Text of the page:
DeNA, the Japanese social gaming platform is set to buy Ngmoco, the iPhone game publisher behind Rolando
, for $400 million. The acquisition, first rumored last week, was approved today by DeNA's board and will close officially in the next few weeks, the company said.
Speaking to the New York Times
, founder and chief executive of DeNA, Tomoko Namba said: "The big tide in social gaming is coming, right now. We'd like to capture it and quickly become the world's No. 1 mobile gaming platform."
"We're only active in the Japanese market," she continued, "and we haven't figured out how to cover the Western market. We want to enable developers to go cross-device, and to go cross-border. And we need this to happen quickly, in about the next one or two years."
This deal is the latest in a number of recent western acquisitions for the Japanese firm, which announced that it would invest in two other U.S.-based game developers, Astro Ape and Gameview in the last month. in 2009, DeNA bought IceBreaker, a U.S. game studio, and acquired a 20 percent stake in Aurora Feint, another iOS game platform developer.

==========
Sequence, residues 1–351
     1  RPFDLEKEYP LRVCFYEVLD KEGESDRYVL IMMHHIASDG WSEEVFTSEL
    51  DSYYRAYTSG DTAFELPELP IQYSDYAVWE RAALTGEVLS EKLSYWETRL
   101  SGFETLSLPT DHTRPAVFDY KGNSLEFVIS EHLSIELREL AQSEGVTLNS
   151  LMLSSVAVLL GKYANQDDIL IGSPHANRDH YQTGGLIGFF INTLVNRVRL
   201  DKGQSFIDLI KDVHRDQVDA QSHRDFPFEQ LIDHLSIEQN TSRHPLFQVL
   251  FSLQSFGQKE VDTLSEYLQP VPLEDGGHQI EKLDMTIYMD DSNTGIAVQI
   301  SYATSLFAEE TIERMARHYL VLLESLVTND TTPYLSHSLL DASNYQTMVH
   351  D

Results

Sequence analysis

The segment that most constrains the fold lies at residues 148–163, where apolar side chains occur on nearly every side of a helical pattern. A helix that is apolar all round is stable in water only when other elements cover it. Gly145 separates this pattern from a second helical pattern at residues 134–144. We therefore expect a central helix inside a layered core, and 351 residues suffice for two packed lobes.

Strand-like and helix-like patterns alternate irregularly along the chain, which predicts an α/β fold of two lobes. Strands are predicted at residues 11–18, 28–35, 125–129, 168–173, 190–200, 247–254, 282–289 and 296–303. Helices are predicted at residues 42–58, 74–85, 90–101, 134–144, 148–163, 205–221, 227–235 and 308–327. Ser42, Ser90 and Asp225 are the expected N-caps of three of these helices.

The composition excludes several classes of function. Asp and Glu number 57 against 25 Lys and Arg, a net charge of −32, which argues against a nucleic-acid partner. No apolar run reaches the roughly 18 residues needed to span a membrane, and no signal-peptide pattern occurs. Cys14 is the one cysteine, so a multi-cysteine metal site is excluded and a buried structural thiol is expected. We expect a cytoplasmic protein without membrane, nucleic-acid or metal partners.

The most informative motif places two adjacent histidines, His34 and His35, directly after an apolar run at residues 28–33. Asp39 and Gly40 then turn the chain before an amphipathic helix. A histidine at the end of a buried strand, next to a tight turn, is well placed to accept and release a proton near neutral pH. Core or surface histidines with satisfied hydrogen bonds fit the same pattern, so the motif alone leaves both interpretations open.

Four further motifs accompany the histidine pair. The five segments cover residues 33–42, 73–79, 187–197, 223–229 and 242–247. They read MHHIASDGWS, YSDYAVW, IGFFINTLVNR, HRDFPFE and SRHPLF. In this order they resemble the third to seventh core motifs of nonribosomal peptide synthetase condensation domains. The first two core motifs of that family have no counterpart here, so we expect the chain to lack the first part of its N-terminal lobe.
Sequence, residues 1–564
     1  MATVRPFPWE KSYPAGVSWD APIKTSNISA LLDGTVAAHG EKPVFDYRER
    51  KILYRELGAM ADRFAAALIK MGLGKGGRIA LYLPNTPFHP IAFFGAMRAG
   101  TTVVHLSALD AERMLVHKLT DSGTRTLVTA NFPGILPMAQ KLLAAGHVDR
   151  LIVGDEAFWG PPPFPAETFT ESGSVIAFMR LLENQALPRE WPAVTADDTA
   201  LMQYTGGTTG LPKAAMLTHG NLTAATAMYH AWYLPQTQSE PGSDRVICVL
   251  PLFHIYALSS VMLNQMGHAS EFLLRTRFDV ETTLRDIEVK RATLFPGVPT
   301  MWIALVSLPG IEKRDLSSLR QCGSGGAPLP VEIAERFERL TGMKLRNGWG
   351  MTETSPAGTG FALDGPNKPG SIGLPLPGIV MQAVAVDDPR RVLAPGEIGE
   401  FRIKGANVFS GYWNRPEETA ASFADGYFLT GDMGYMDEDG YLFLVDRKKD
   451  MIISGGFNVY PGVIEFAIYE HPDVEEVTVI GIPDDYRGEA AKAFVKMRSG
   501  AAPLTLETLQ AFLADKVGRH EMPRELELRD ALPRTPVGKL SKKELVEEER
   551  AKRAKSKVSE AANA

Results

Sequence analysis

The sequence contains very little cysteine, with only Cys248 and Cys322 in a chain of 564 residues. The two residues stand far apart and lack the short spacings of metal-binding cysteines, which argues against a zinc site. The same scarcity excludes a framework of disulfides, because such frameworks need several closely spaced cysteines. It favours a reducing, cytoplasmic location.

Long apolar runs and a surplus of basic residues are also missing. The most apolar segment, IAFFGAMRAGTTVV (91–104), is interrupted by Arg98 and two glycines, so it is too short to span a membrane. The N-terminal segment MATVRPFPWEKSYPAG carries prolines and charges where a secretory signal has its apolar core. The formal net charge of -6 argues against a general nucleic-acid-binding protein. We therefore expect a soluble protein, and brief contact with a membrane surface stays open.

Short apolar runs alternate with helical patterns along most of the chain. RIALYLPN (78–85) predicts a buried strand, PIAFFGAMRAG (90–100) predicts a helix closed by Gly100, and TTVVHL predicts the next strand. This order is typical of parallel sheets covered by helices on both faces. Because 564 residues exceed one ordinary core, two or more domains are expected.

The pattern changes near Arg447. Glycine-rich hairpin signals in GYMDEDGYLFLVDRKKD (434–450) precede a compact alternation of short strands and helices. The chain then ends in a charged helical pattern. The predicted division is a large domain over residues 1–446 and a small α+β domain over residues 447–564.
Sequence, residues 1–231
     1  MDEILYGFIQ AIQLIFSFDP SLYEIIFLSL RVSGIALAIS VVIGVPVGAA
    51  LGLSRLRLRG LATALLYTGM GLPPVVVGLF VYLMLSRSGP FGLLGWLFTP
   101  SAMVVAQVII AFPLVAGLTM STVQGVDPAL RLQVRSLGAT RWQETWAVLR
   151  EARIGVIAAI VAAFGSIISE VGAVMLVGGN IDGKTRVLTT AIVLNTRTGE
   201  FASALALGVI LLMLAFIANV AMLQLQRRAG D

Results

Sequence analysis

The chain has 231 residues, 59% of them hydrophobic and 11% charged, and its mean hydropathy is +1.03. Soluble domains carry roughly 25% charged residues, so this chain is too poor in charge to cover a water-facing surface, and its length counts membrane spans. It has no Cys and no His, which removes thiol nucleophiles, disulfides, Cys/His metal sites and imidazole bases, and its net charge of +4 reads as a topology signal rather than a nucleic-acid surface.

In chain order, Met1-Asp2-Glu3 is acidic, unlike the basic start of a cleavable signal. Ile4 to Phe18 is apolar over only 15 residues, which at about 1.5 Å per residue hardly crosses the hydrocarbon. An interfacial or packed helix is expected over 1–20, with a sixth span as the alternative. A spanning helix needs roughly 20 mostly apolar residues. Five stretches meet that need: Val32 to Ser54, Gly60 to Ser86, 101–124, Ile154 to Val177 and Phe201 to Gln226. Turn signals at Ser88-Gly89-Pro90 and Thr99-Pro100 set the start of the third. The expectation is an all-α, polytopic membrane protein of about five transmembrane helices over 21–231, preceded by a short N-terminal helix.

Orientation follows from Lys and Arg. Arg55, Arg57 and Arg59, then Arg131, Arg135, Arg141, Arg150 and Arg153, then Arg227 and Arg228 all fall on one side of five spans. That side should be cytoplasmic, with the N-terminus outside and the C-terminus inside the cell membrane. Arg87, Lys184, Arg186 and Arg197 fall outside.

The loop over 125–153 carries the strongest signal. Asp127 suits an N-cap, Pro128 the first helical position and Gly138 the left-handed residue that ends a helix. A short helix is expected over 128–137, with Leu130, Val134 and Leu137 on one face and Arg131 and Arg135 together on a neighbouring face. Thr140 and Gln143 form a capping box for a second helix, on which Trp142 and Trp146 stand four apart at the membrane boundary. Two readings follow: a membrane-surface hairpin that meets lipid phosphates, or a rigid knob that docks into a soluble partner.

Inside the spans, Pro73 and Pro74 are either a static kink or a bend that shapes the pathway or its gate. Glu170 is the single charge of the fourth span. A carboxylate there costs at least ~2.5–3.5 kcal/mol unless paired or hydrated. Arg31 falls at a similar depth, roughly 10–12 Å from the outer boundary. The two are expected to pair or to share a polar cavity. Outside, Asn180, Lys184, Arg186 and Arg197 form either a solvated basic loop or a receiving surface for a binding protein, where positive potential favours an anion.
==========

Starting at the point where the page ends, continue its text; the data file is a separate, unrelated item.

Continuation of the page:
DeNA is aggressively pursuing the mobile social games market, launching its Mobage service
in Japan last week in conjunction with Yahoo! and promising a slew of high-profile titles on the platform before the end of the year, including a third installment in Sega's Shenmue
The company's projected revenue for 2010 is on par with estimates at Facebook. DeNA secured sales circa 48 billion yen ($575 million) in the year leading up to March and claims it will double that figure this fiscal year to over $1 billion. Analyst forecasts for Facebook's 2010 turnover range from $1 billion to $1.75 billion.
DeNA plans to integrate its Mobage software with Ngmoco's Plus+, a social networking platform which runs on both Apple devices and smartphones that operate on Google's Android system. The move shows the company's belief that social gaming will increasingly be dominated by mobile platforms.
Ngmoco was formed in 2008 by former Electronic Arts executive Neil Young, who chose to place the company's focus on the iPhone games market, rather than social media platforms such as Facebook, where rival Zynga has found widespread success. This new global platform will allow developers access to both Apple and Android users, said Young.
"Whether you're a developer in Japan working on a Mobage, or you're a developer in the West making apps, you'll be able to work with us, and your games will be able to move across borders and move across devices," Mr. Young said.